French Health Minister Oliver Veran has warned that the country can’t set a date for the end of the national lockdown right now, but reassured the public the country was getting coronavirus under control.
Veran told French broadcaster BFM TV that “the pandemic is decreasing,” but quickly added that “it remains at a high level.” The French health minister cited the national lockdown as having successfully helped contain the spread of the virus, which is circulating less rapidly than last month.
The news comes after the Ministry of Health reported that the number of admissions to intensive care had dropped to its lowest level in three weeks on Sunday, with only 270 new admissions over the previous 24 hours.
However, Veran defended his cautious approach to the virus by explaining that there were now more patients in hospital than during the first wave of the epidemic even though there were “a little” fewer of these in intensive care.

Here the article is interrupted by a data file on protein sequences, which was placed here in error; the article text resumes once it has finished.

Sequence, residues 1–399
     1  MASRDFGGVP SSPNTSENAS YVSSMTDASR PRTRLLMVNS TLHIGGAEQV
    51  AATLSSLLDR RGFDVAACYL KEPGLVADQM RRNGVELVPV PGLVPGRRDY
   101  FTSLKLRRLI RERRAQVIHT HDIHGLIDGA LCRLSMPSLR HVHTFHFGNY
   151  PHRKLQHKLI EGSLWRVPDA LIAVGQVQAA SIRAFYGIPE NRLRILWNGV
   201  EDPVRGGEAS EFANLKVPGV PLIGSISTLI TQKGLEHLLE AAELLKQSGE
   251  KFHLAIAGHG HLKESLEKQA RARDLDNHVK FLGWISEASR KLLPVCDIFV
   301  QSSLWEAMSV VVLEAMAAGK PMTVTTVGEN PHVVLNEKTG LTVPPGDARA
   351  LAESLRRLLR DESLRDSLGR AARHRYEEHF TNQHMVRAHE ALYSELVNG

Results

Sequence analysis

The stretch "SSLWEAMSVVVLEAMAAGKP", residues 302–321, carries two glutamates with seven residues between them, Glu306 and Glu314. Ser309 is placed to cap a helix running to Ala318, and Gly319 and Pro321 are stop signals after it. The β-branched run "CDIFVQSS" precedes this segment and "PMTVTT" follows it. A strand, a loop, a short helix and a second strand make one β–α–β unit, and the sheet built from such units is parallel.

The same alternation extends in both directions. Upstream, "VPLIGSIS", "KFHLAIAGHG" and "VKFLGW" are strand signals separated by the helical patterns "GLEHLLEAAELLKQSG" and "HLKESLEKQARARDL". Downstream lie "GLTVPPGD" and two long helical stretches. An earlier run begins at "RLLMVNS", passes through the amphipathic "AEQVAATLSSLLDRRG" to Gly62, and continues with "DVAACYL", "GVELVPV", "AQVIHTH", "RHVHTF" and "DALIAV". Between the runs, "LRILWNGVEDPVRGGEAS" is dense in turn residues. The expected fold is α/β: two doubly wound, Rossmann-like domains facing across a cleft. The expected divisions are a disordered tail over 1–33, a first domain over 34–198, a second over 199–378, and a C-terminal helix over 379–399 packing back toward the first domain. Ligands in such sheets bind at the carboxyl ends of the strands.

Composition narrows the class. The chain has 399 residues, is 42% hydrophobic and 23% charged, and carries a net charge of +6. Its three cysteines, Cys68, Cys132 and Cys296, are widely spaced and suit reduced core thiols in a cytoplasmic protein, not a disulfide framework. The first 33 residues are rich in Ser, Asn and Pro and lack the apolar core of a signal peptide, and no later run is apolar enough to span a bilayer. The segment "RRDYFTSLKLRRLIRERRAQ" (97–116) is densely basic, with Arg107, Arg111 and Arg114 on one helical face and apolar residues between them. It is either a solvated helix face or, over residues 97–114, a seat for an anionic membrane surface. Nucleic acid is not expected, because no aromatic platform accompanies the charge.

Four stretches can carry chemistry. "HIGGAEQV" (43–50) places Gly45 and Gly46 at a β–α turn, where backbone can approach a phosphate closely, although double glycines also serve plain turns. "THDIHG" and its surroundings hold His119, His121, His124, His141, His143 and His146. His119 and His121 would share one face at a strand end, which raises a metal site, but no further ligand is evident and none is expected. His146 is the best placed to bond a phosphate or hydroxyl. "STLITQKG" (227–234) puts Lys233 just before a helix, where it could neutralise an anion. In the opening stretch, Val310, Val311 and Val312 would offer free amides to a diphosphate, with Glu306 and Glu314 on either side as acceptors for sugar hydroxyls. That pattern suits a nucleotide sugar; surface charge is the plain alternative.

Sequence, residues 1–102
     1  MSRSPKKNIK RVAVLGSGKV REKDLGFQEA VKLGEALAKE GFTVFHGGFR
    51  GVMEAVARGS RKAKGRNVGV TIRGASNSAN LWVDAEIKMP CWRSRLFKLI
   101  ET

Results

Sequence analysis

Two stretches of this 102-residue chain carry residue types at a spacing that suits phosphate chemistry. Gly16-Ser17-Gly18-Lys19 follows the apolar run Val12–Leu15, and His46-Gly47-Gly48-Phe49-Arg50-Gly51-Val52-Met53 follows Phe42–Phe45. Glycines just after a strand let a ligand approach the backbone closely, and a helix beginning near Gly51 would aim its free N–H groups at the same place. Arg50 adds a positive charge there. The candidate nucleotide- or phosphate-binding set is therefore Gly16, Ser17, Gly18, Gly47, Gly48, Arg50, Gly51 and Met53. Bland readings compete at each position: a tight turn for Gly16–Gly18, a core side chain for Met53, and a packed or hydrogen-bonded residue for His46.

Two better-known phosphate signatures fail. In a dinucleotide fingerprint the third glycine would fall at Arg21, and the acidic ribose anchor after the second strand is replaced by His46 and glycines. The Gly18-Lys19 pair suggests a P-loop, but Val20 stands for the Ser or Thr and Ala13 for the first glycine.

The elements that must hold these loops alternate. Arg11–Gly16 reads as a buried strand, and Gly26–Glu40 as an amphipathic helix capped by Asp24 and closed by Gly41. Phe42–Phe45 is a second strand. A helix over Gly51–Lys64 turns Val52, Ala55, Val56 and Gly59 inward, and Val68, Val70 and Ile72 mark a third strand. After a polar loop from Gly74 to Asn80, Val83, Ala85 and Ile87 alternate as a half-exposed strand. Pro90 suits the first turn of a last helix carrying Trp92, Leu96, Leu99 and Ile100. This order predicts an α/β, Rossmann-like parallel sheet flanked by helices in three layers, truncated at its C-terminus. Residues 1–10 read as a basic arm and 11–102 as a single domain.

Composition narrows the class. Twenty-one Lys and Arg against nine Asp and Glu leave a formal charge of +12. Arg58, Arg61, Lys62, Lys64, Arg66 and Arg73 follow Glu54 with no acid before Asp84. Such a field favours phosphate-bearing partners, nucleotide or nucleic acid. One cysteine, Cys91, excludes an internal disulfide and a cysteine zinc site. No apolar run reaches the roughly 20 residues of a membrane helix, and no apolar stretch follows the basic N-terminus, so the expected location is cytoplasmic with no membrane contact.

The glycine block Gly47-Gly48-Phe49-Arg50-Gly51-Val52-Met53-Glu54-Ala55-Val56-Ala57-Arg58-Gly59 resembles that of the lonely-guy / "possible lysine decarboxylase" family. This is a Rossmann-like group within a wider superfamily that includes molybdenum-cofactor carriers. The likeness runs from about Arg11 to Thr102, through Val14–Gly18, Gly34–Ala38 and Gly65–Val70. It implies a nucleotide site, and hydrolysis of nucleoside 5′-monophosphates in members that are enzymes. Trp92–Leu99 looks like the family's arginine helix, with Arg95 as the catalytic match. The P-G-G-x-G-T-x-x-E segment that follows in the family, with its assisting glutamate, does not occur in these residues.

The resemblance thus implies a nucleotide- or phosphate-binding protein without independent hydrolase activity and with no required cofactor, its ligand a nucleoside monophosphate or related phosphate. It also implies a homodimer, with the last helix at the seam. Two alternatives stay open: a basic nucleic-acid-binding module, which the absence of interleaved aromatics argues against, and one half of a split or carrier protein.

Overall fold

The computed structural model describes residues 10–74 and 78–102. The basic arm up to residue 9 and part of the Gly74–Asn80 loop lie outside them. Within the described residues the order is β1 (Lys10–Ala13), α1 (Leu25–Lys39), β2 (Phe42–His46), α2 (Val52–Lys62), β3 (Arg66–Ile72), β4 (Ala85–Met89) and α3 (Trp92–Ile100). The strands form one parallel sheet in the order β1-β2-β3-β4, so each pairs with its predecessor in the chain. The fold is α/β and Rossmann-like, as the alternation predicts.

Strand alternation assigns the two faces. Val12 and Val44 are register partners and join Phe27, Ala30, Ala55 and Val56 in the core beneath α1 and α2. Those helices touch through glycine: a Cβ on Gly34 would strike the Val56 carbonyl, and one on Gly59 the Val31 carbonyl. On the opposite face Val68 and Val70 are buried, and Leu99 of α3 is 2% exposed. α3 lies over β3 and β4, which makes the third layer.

Industry Minister Agnes Pannier-Runacher urged caution on Monday, as shops hope to open in time for the holiday season, saying that “letting some businesses reopen on December 1 would be ideal but we’re not there yet.”
On October 30, France imposed countrywide restrictions, initially for a one-month period, requiring people to stay at home unless they need to travel for work, to buy essential goods, for a medical appointment, for exercise or if it’s for an essential family reason, such as caring for a vulnerable person.
Daily coronavirus cases hit a high of 86,852 new cases on November 7 and have been in decline ever since, with the country only recording 9,406 cases on Monday. As of November 16, France has confirmed 1,945,468 cases and 44,215 deaths from the virus.
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